The Awful, Horrible, Disaster Called Acne: YUCK!
By Kara Bachman
One issue many of us dealt with as teens, tweens, or even as adults is one of the most dreaded conditions: acne. Pimples. Blackheads. Whiteheads. Cysts. YUCK! At the time, it felt like a nightmare. In comparison to most adult concerns, it wasn’t of course a nightmare, but many of us became self-conscious about it and felt otherwise.
When tweens and teens are just finding their footing in socializing and are taking those first baby steps into the world of dating, as if on cue, the skin condition shows up that makes them feel like crawling under a rock. That feeling is normal, but it’s important to remember that you and your child are not helpless in this; acne can be kept in check with a regular routine of care and attention.
Dee Anna Glaser, M.D., FAAD is a board certified dermatologist, professor, and chairperson of the dermatology department at Saint Louis University School of Medicine in Missouri. Dr. Glaser commented recently on acne in a written press release by the American Academy of Dermatology.
“As a dermatologist who treats patients with acne very day, I’ve seen firsthand the effects that acne can have on a person’s life, both physically and emotionally,” Dr. Glaser said, adding that some will avoid social outings because of a bad acne breakout.
There are both over-the-counter remedies that work, as well as prescription treatments for more serious cases. Dr. Glaser said the effective treatments available at a drug store will include ingredients such as benzoyl peroxide, salicylic acid or adapalene. She stressed that over-the-counter products are not an instant fix, and take some time to work, but they usually are only effective after four-to-eight weeks. It’s important to continue use even after the pimples have cleared, she said, to prevent new breakouts from showing up.
Dr. Glaser gave a few tips for treating acne, whether the medicine was bought at a drugstore or is a stronger med prescribed by a physician.
Use a gentle face wash.
Stronger isn’t better, and combining a harsh wash with acne meds can quickly dry out the skin, causing an additional problem. She suggested looking for products that are advertised as “mild” or “gentle” and state that they’re “oil-free” or “noncomedogenic,” which means it won’t clog pores.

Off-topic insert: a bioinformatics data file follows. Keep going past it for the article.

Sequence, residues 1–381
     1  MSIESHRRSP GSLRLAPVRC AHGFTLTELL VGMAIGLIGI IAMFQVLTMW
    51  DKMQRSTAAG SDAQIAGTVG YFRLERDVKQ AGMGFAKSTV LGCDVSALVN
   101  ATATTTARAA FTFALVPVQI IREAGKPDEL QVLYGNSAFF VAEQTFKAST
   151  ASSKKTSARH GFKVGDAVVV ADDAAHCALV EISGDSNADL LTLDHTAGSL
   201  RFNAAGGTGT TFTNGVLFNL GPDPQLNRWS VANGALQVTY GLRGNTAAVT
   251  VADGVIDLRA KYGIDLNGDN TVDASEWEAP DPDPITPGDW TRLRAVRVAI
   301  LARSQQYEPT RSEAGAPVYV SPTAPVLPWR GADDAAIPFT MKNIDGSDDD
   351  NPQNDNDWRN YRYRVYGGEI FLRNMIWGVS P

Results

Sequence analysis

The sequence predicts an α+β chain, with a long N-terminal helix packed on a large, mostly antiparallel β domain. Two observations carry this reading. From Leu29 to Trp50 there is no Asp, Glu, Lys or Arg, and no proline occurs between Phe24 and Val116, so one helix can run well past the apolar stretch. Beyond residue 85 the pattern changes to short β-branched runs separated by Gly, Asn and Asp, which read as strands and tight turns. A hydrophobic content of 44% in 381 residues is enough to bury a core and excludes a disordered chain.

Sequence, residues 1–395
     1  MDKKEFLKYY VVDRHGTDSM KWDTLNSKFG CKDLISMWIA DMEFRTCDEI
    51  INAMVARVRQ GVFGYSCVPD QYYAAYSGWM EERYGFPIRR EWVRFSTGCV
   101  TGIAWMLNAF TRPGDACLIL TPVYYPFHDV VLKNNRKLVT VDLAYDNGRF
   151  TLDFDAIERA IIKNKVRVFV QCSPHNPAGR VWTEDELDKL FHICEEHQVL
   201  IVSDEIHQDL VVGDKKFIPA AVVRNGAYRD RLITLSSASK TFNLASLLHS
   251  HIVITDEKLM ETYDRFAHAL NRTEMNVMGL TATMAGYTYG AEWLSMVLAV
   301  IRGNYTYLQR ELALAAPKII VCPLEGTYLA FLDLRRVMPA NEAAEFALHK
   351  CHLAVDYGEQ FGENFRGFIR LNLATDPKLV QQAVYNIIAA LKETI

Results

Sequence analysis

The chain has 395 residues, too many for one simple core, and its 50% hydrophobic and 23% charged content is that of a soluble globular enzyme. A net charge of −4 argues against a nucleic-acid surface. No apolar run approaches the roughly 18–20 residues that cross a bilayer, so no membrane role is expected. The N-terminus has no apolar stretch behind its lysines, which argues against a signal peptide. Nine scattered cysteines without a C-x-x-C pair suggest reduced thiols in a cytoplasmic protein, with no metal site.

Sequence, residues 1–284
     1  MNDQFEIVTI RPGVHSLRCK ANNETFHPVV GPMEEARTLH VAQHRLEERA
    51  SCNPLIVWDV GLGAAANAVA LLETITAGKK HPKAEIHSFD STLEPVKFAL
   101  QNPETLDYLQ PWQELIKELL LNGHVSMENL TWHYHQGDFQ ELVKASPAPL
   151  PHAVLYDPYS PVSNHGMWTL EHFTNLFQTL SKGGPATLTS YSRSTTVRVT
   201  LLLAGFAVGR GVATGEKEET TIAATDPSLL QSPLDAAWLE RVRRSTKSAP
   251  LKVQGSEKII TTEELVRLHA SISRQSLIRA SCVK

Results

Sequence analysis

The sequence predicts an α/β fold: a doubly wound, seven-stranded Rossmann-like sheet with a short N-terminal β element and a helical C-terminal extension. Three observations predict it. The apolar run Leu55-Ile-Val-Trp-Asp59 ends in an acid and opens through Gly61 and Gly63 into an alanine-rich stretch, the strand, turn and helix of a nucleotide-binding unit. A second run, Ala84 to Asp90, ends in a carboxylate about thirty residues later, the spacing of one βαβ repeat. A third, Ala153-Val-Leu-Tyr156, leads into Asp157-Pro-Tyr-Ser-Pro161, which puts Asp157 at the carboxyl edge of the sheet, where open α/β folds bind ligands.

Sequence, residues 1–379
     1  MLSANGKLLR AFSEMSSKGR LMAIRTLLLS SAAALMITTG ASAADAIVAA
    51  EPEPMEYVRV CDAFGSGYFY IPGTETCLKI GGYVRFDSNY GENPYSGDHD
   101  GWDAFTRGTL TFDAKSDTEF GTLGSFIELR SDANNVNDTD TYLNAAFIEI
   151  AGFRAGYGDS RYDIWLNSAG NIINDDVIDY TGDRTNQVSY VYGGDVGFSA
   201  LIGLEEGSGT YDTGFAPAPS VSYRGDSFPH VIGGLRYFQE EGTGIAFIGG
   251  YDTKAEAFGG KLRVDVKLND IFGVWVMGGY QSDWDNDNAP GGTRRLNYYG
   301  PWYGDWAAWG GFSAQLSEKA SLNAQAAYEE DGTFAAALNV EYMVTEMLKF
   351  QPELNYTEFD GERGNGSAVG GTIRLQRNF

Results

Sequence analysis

Only use a pea-sized amount of medication.
Using too much can irritate skin, and using less than this can make the treatment less effective. Just teach your child to dot it on forehead, chin and cheeks and then spread around thinly on the skin.
Ease into treatment.
Start by applying meds every other day instead of every day. This helps skin to adjust. After a few weeks, go ahead and move to an “every day” treatment plan.
If there’s irritation, studies have shown that it actually helps to apply moisturizer BEFORE applying the medicine. As long as it says “oil-free” or “noncomedogenic,” the moisturizer will help with any peeling and redness.
Protect skin from the sun.
Many acne meds, both over-the-counter and prescription from a dermatologist, cause sensitivity to sunlight and increase chances of sunburn. Before going outdoors, Dr. Glaser advises, protect skin with a broad-spectrum, water-resistant sunscreen with an SPF of at least 30.
Please, moms and dads — pay attention, and do what you can to help if your tween or teen expresses concerns about acne. Remember when you were at that age, and thought it was the worst thing, EVER? Well, as adults, we now know that isn’t so…but for the child who is just taking baby steps into a social life, acne can sometimes seem “make-it-or-break-it” when it comes to a feeling of healthy confidence.